And all the while the most critical data is no longer being updated. The Southern Berkshires Public Health Collaborative serves a constellation of towns, including Alford, Great Barrington, Lee, Lenox, Monterey, Mount Washington, New Marlborough, Otis, Sandisfield, Sheffield, Stockbridge, and Tyringham. But the last posted summary of COVID cases I could find is from their January–March 2023 quarterly statement:

Southern Berkshire Public Health Collaborative’s quarterly report for January–March 2023. Highlighting added.

WebMD sensibly adds: “By understanding how coronavirus spreads, you can take the right steps so you don’t get sick and infect others.” Clearly, we are failing to do as much as we ought to. And if you think you can go about your life the way you once did before COVID, imaging that the odds are in your favor and you can outfox the virus. Well, according to Our World in Data, an awful lot of folks around the world are losing that bet:

Global cumulative confirmed COVID-19 cases, Our World in Data. Highlighting added.

As of the last day in 2023, the World Health Organization (WHO) estimated that 773.82 million people had contacted COVID-19. Yes, we are talking 773.82 million cases between March 1, 2020 through December 31, 2023. And during that time, 7.01 million people died.

Global cumulative confirmed COVID-19 deaths between March 1, 2020 and Dec. 31, 2023, Our World in Data. Highlighting added.

And what about here at home in the United States? According to Our World in Data, there have been 103.44 million confirmed cases in the United States from January 5, 2020 to January 7, 2024.

Cumulative confirmed COVID-19 cases in the U.S. from Jan. 26, 2020 to Jan. 7, 2024, Our World in Data. Highlighting added.

The cumulative chart shows us we have suffered 1.16 million deaths from COVID from March 1, 2020 to January 7, 2024:

Cumulative confirmed COVID deaths in the U.S., Our World In Data. Highlighting added.

As I continued my search for information, I moved from the international to the national to the state, where there were 4,790 confirmed COVID-19 cases and a total of 5,955 confirmed and probable cases during the week of December 24, 2023 to December 30, 2023. And during that same period, there were 44 confirmed COVID-19 deaths and a total of 52 confirmed and probable deaths.

Having failed to find useful data for Great Barrington from The New York Times or our own health department, I turned to the Commonwealth’s database. There have been 80 confirmed COVID cases this season in Great Barrington.

As for the practical implications of these statistics, the CDC notes: “COVID-19 activity is currently high. COVID-19 infections, hospitalizations, and deaths have increased in recent weeks. JN.1 may be intensifying the spread of COVID-19 this winter.”

The CDC explains that COVID-19-related illness requiring medical attention, such as an emergency department visit, rates remain 21 percent lower than the same time last year. And the number of COVID-19 hospitalizations are 22 percent lower, and the percent of total deaths associated with COVID-19 are 38 percent lower than last year.

But, importantly, the CDC illustrates that between November 11, 2023 and December 30, 2023, there were significant increases in emergency department visits, hospital admissions, and COVID-19 deaths:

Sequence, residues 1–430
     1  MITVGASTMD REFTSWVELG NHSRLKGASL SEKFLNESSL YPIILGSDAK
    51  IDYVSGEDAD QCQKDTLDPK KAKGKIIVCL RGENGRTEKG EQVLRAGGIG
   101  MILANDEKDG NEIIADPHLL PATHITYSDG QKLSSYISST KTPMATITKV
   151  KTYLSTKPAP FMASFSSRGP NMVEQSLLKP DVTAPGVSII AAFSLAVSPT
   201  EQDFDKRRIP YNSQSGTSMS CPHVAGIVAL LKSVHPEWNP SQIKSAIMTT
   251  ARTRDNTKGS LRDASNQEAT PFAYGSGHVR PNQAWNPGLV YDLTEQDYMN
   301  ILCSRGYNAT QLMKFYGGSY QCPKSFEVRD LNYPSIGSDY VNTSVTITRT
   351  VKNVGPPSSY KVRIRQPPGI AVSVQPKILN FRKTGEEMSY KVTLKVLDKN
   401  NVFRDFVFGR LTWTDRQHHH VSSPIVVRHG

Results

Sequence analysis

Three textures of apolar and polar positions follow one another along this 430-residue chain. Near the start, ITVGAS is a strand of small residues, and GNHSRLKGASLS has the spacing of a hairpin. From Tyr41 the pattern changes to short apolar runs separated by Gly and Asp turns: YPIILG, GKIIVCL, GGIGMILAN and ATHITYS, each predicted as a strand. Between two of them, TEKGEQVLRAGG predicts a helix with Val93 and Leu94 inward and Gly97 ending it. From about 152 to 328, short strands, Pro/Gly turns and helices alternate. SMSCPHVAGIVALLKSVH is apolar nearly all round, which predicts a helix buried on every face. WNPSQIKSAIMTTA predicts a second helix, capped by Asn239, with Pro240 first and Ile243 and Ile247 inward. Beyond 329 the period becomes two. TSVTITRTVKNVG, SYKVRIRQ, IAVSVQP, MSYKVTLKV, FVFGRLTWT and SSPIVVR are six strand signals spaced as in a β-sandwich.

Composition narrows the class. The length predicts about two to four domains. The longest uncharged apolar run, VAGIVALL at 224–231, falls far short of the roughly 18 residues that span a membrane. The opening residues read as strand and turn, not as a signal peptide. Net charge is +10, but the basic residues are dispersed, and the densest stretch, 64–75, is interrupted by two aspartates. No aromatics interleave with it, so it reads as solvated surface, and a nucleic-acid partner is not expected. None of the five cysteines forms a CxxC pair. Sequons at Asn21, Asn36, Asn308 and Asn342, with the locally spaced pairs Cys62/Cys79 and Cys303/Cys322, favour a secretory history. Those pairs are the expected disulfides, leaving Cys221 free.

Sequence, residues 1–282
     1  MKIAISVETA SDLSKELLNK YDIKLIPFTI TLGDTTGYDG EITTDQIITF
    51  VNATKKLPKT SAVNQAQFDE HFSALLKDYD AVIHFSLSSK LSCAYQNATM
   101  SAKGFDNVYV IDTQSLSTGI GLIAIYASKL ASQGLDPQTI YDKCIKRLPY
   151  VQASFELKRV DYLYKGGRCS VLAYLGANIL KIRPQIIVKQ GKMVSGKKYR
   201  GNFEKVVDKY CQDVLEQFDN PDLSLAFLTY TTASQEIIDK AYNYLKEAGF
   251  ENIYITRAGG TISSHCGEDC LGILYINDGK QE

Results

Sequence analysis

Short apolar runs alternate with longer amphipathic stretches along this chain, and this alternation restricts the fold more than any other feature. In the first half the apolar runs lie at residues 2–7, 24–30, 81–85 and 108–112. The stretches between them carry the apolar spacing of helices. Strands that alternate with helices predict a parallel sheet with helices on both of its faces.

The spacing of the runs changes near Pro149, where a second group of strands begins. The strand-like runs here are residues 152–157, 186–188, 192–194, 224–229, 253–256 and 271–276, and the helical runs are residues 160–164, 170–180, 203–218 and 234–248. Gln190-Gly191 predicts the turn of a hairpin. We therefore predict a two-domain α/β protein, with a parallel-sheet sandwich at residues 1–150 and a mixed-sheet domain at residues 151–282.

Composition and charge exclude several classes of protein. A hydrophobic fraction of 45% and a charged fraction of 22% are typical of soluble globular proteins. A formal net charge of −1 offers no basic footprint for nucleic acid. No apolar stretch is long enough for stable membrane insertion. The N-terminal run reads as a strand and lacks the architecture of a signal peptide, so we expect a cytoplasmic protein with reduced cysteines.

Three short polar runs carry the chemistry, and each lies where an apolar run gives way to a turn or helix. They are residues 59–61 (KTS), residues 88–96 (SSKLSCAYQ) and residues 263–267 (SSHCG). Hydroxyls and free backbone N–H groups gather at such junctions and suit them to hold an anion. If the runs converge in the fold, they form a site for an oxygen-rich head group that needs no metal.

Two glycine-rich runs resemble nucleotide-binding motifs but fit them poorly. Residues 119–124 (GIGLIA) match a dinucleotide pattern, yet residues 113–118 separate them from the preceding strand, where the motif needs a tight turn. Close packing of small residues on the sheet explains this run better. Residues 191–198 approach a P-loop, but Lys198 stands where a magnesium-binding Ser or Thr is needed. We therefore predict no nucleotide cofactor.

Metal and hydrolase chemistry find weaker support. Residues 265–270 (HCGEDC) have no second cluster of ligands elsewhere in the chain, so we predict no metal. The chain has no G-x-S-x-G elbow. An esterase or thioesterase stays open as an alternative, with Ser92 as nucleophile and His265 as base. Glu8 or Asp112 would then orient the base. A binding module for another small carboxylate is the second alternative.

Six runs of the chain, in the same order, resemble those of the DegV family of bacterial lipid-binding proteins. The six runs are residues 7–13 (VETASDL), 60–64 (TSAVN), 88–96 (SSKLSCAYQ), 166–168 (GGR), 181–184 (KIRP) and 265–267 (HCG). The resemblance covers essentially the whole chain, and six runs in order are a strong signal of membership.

The CDC’s COVID-19 update for the U.S., Nov. 11, 2023 to Dec. 30, 2023. Highlighting added.

Most of us are unaware of the changing nature of the COVID-19 virus, but the CDC focuses on the most recent implications of the ascendance of the JN.1 variant:

COVID-19 Activity Increases as Prevalence of JN.1 Variant Continues to Rise, CDC. Highlighting added.

It is interesting to see how quickly the JN.1 variant spread to become the most prevalent of the COVID variants. JN.1 is seen below in purple, and you can see how rapidly JN.1 increased its percentage of the COVID strains being found:

The CDC’s data on COVID variants proportions, Sept. 30, 2023 to Jan. 6, 2024. Highlighting added.

Most recently, here in Berkshire County, the increasing numbers of respiratory disease cases has resulted in the renewal of mask mandates for employees of Berkshire Health Systems. WAMC radio reports:

Berkshire Health Systems cites a spike in respiratory illness in the community. Wastewater tracking data shows that COVID-19 cases are on the rise in Massachusetts again this winter, contributing to a high threat level for indoor activity in combination with other airborne diseases like the flu and RSV. The surge comes amid dismal rates for the latest COVID vaccine in Massachusetts, leaving many residents vulnerable to the disease that’s killed over a million in the United States since the 2020 outbreak. The CDC recorded a 10 [percent] spike in such deaths in late December, and an almost 17 [percent] increase in hospitalizations. (Emphasis added.)

With decreases in the rate of testing, testing wastewater has become increasingly important. The CDC notes: “Wastewater (sewage) can be tested to detect traces of infectious diseases circulating in a community, even if people don’t have symptoms. You can use these data as an early warning that levels of infections may be increasing or decreasing in your community.”

The CDC explains how the process works:

  1. People with certain infections (such as COVID-19), can shed pieces of the virus or bacteria when they use the bathroom, shower, wash hands, or launder clothing, even if they don’t have symptoms.
  2. These pieces of virus or bacteria travel from the toilet, sink, shower, or other drain through the sewage system.
  3. Before wastewater is treated, wastewater operators take samples to send to the laboratory.
  4. Laboratories test the wastewater sample to detect and report on the different types of infections that are circulating in a community. This information is available in as little as 5 to 7 days after waste enters the sewer.